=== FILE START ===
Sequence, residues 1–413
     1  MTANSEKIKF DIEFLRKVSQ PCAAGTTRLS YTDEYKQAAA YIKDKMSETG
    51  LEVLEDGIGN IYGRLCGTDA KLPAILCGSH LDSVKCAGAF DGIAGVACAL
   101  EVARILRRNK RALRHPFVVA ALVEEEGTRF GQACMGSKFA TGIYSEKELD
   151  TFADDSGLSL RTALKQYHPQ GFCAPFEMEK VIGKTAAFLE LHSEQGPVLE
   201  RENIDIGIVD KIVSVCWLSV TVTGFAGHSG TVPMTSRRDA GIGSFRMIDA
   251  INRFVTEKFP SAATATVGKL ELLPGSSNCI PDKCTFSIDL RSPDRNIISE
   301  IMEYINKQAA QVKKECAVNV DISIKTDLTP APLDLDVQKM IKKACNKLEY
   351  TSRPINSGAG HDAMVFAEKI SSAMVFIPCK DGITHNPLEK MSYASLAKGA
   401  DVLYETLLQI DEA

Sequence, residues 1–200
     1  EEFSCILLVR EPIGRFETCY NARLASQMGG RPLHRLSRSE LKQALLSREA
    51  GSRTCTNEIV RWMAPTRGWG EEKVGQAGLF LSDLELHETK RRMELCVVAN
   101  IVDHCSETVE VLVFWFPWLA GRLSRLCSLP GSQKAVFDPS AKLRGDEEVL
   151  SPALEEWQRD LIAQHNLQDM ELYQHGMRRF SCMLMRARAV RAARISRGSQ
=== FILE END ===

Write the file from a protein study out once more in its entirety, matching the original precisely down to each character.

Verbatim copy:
Sequence, residues 1–413
     1  MTANSEKIKF DIEFLRKVSQ PCAAGTTRLS YTDEYKQAAA YIKDKMSETG
    51  LEVLEDGIGN IYGRLCGTDA KLPAILCGSH LDSVKCAGAF DGIAGVACAL
   101  EVARILRRNK RALRHPFVVA ALVEEEGTRF GQACMGSKFA TGIYSEKELD
   151  TFADDSGLSL RTALKQYHPQ GFCAPFEMEK VIGKTAAFLE LHSEQGPVLE
   201  RENIDIGIVD KIVSVCWLSV TVTGFAGHSG TVPMTSRRDA GIGSFRMIDA
   251  INRFVTEKFP SAATATVGKL ELLPGSSNCI PDKCTFSIDL RSPDRNIISE
   301  IMEYINKQAA QVKKECAVNV DISIKTDLTP APLDLDVQKM IKKACNKLEY
   351  TSRPINSGAG HDAMVFAEKI SSAMVFIPCK DGITHNPLEK MSYASLAKGA
   401  DVLYETLLQI DEA

Sequence, residues 1–200
     1  EEFSCILLVR EPIGRFETCY NARLASQMGG RPLHRLSRSE LKQALLSREA
    51  GSRTCTNEIV RWMAPTRGWG EEKVGQAGLF LSDLELHETK RRMELCVVAN
   101  IVDHCSETVE VLVFWFPWLA GRLSRLCSLP GSQKAVFDPS AKLRGDEEVL
   151  SPALEEWQRD LIAQHNLQDM ELYQHGMRRF SCMLMRARAV RAARISRGSQ